2020-2025 Dietary Guidelines support dietary supplement use
The dietary guidelines – released by USDA and HHS Tuesday Dec 29 – acknowledge that many adults in the US take one or more dietary supplements, which often include some nutrients that are “under-consumed among older adults, including calcium and vitamins D and B12”.
Supplements of vitamins D and B12 receive numerous mentions in the 164-page document, most notably for mothers and infants, and also for older Americans.
The guidelines call for vitamin D supplements for infants to start soon after birth. This is the first time the guidelines have included dietary recommendations for infants from birth through 24 months.
For B12: “Human milk has sufficient vitamin B12 to meet infant needs unless the mother’s vitamin B12 status is inadequate,” state the guidelines. “This can occur for different reasons, including when the mother eats a strictly vegan diet without any animal source foods. When the mother is at risk of vitamin B12 deficiency, human milk may not provide sufficient vitamin B12. In these cases, the mother and/or infant fed human milk may require a vitamin B12 supplement.”
Also for pregnant or lactating women who follow a vegetarian or vegan diet, the dietary guidelines recommend women to talk to their healthcare provider about supplementation to ensure they get adequate amounts of iron, choline, zinc, iodine, and EPA/DHA.
Folic acid supplements are also recommend for women prior to conception and during the first trimester to prevent neural tube defects.
“The United States Preventative Services Task Force (USPSTF) recommends that all women who are planning or capable of pregnancy take a daily supplement containing 400 to 800 mcg of folic acid,” note the guidelines.
“This reinforces what we already know: that access to proper nutrition, especially for children and pregnant mothers, is critical to long-term health,” commented Daniel Fabricant, PhD, President and CEO of the Natural Products Association (NPA).
In other age groups, the guidelines note that, “vitamin D recommendations are harder to achieve through natural sources from diet alone and would require consuming foods and beverages fortified with vitamin D. In many cases, taking a vitamin D supplement may be appropriate especially when sunlight exposure is limited due to climate or the use of sunscreen.”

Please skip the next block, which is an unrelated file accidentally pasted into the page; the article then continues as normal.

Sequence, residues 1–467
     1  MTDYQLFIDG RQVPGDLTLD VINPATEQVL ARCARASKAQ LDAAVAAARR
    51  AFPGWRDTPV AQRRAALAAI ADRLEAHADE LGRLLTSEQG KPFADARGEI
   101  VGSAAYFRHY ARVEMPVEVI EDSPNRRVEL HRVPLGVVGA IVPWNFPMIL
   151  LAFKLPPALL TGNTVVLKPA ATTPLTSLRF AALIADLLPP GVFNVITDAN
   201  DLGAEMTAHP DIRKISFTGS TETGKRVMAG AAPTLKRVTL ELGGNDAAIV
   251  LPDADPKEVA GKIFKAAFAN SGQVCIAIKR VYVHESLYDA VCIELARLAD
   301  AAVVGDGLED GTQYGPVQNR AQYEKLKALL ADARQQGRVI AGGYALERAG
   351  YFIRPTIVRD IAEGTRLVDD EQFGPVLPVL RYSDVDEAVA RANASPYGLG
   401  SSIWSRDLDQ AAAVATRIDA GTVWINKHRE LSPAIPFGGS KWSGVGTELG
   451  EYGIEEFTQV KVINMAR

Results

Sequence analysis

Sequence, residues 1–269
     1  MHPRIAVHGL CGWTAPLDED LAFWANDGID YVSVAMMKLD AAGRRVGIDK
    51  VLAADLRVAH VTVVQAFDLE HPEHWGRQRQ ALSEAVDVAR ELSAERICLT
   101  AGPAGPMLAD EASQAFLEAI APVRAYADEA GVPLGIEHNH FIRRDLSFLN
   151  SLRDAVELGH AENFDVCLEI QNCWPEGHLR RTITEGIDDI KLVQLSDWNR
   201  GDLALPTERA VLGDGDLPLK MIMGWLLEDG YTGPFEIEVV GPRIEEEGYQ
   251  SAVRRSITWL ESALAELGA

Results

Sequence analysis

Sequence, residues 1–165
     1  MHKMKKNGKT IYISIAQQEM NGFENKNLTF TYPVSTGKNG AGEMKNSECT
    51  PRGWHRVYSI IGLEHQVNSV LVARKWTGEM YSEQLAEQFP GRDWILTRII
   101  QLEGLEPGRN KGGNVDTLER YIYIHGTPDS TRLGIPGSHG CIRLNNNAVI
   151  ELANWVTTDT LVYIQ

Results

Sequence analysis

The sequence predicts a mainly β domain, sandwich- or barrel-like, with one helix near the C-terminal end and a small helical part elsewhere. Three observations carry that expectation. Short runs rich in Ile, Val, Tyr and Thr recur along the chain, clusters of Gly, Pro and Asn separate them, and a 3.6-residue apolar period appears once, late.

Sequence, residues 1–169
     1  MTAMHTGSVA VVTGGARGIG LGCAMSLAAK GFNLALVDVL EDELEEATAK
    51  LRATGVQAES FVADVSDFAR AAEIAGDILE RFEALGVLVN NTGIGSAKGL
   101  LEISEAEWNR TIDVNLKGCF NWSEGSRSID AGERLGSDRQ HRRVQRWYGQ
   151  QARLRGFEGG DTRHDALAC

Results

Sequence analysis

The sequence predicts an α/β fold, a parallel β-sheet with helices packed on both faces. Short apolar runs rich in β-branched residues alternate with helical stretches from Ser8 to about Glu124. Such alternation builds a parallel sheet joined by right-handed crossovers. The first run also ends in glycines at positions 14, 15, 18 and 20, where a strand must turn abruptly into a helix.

The Council for Responsible Nutrition (CRN) applauded the dietary guidelines, with Haiuyen Nguyen, CRN’s senior director of Scientific and Regulatory Affairs, saying, “Underconsumption of key nutrients is a public health concern. We’re pleased to see USDA and HHS recognize certain U.S. population groups do not achieve recommended nutrient levels from dietary intake alone. The Guidelines reflect how dietary supplements can support the health of all Americans.”
EPA and DHA
While the guidelines recognize the benefits of seafood consumption, which is noted to provide “beneficial fatty acids (e.g., eicosapentaenoic acid [EPA] and docosahexaenoic acid [DHA])… Seafood choices higher in EPA and DHA and lower in methylmercury are encouraged.”
NPA: Access to supplements via HSA/FSA & WIC
“The next Congress and Administration can do more to ensure Americans have access to products that support their health and expanding health savings accounts and programs like WIC to include nutritional supplements is the best way to make that happen. This report provides a real world look at how supplements are an integral part of the American diet at all stages of development," said NPA's Dr Fabricant.
However, that is pretty much the extent of the conversation around omega-3, and their specific benefits are never mentioned (the term “omega-3” is only used once in the whole document).
Commenting on this, the Global Organization for EPA and DHA Omega-3s (GOED) said this was disappointing, particularly because the Dietary Guidelines Advisory Committee (DGAC) concluded: “Moderate evidence indicates that total intake of omega-3 polyunsaturated fatty acids, particularly eicosapentaenoic acid and docosahexaenoic acid from food sources, by adults is associated with lower risk of cardiovascular disease.”
In addition, Harry Rice, PhD, GOED’s VP of regulatory & scientific affairs, told NutraIngredients-USA: “Given that the Dietary Guidelines for Americans serves as the cornerstone of federal nutrition policy, the absence of an omega-3 recommendation for reducing the risk of preterm and early preterm birth was nothing short of a missed opportunity to have a profound impact on public health.
“Hopefully, the next Dietary Guidelines Advisory Committee won't ignore GOED's scientifically substantiated advice to encourage a recommendation in the next iteration of the Dietary Guidelines for Americans in five years.”
The guidelines have not been universally welcomed by stakeholders in the food industry or food policy, particularly around advice around sugar and alcohol consumption.
The Dietary Guidelines Advisory Committee (DGAC)’s report called for a halving of consumption of added sugars, from 13% of daily energy intake to just 6% (30g for someone on a 2,000 calorie-a-day diet); and advised Americans to limit alcohol intakes to one drink per day.
However, the final guidelines advise Americans to cut down somewhat, from an average of 13% to 10% of calories from added sugar. The guidelines also retained the recommendation that men may consume up to two alcoholic drinks per day, which the American Institute for Cancer Research claims is “outdated advice”.
For comprehensive coverage of responses from the food industry, please visit our sister publication, FoodNavigator-USA.